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Restarting routine

January 27, 2015

It would appear that I need routine in my life. I don’t want to be one of those people who needs structure and discipline, but I am. The evidence is undeniable.

Christmas came – the festive season, not the toe-curling smut-pun that concludes the excruciating The World is not Enough – and the mandatory structure of the working day dropped away for a gloriously unstructured two and a half weeks. Within a few days, we’d been getting up so late that lunchtime had back-shifted to 4:30 on a good day (and 5:30 on the worst).

And come the end of the fortnight-plus holiday, I’d squeezed in a grand total of three runs – of which precisely zero had been anything other than a last-minute dash to beat the flagging daylight. It took three days’ pre-emptive early nights and reluctantly set morning alarms to try to shake off the holiday jet-lag. The subsequent week, throwing myself out of bed while the morning was still dark (or, perhaps more accurately, starting to become light) felt like an epic struggle from a pit of quicksand.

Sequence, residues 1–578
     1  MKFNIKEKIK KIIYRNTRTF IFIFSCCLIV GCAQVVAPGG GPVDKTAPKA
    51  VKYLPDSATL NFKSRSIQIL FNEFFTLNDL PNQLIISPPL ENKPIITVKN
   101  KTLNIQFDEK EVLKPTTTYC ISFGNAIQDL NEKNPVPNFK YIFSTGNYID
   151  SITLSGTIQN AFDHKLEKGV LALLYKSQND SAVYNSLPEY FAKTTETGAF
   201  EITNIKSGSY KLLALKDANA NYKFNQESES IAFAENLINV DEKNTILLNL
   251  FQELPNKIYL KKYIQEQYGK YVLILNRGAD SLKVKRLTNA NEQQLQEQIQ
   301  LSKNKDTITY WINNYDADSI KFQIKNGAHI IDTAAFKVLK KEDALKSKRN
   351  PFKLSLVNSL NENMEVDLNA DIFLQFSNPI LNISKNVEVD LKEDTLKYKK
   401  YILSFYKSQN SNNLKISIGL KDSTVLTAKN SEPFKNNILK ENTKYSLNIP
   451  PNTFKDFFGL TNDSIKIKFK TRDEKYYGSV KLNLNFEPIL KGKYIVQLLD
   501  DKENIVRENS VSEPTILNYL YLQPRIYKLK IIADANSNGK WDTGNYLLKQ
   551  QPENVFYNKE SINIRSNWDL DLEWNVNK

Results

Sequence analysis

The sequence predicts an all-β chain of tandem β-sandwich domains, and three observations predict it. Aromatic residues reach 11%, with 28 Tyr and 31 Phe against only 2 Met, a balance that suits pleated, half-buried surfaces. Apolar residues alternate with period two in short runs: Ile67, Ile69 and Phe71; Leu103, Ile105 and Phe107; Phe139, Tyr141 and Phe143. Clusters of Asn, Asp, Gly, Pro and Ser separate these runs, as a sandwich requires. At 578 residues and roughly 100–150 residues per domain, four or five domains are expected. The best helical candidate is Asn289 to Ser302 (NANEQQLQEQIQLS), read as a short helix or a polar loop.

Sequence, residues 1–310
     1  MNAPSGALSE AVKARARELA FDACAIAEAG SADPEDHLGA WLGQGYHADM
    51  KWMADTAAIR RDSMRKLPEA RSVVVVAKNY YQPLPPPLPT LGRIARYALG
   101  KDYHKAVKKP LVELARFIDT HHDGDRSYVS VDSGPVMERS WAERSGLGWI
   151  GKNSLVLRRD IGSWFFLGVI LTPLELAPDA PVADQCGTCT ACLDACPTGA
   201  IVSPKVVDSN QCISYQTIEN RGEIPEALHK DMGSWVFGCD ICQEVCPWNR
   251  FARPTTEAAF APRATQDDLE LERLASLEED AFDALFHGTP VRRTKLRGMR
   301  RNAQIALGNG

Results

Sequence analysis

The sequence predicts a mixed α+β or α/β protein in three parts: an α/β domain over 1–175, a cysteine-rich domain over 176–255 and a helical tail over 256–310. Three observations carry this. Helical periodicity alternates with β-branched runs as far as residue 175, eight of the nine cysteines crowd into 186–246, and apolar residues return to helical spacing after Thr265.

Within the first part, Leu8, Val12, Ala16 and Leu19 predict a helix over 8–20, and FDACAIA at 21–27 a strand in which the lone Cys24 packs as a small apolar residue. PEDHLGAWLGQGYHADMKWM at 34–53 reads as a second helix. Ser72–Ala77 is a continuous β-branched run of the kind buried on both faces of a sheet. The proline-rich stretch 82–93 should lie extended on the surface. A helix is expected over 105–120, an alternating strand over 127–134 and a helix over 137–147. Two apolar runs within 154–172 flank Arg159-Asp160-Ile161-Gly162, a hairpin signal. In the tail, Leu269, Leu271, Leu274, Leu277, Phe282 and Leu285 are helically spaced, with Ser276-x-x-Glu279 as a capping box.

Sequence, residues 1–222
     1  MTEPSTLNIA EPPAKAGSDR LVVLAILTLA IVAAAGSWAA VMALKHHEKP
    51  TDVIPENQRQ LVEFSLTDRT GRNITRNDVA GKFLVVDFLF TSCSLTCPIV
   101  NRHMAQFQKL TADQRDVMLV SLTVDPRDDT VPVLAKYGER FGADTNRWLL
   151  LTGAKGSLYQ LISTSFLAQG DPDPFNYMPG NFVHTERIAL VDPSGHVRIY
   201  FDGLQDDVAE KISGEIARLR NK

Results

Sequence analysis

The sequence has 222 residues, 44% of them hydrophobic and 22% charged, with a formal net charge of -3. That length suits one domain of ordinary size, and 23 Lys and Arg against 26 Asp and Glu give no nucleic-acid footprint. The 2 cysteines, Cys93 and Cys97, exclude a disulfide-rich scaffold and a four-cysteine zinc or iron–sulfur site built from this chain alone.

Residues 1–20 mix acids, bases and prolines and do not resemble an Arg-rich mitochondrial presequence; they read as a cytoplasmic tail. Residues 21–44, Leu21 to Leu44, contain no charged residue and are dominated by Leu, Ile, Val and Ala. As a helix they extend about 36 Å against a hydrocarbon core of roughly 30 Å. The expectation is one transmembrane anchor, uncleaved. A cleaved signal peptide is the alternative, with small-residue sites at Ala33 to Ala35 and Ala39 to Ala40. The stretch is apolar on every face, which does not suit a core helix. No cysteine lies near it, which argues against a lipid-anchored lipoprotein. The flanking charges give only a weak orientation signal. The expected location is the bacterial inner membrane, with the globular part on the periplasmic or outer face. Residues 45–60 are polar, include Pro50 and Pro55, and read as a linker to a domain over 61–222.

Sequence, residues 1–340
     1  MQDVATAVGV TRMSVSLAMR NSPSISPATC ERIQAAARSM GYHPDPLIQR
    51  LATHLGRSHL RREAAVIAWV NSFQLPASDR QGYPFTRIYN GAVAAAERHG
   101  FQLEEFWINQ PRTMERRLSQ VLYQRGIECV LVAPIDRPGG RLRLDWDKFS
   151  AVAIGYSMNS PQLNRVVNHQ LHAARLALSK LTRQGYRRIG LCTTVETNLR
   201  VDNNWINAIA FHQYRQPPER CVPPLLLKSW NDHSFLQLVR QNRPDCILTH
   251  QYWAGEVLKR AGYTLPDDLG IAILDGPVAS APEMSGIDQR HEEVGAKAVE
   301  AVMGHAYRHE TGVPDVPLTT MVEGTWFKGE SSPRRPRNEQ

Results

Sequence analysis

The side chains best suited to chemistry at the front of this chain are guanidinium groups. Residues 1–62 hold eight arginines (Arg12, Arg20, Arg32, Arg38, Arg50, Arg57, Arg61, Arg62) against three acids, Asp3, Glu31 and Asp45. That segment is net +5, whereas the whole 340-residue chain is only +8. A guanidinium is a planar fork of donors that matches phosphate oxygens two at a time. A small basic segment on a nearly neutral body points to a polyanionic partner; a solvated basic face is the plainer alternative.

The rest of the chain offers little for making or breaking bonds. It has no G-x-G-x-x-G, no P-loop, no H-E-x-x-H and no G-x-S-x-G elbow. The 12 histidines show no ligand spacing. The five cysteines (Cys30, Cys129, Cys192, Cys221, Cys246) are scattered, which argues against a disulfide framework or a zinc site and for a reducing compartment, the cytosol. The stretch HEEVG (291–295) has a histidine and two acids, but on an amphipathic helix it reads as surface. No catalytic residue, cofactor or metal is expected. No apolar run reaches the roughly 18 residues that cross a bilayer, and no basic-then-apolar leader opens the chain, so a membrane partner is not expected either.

So, I’ve come to the reluctant conclusion that I need structure and discipline. (Booooor-ring.)

Struck by enthusiasm, I set my alarm early on the second Tuesday back at work. I would get up at 6, and I would run before I’d even had breakfast. Dammit, I was going to be a machine.

My enthusiasm churned round in my restless head as I tried desperately to get a good night’s sleep. Eventually I dropped off, at what must have about about half two.

The alarm went off at 6. I hit snooze. 20 times. And then got up at 7 and felt rotten for the rest of the day.

It turns out I’m not an early morning runner. So I ran home from work, using my bike lights to semi-light my way, and it was awesome. I might not have been a machine, but I felt satisfied and refreshed. And I slept really well that night.

And so a routine was reborn. Running home Tuesday and Thursday, and then running in the daylight unencumbered by a bag stuffed with work kit on the Sunday.

So yes, I need structure, but then running has always been about structure. Times per week; miles per run; pace per mile. It’s all about dedicating time. And the routine of running has always served a purpose – a target and focus in periods of aimlessness, an outlet at times of stress, and time to process and percolate those ideas that bubble up persistently, begging for something to become of them.

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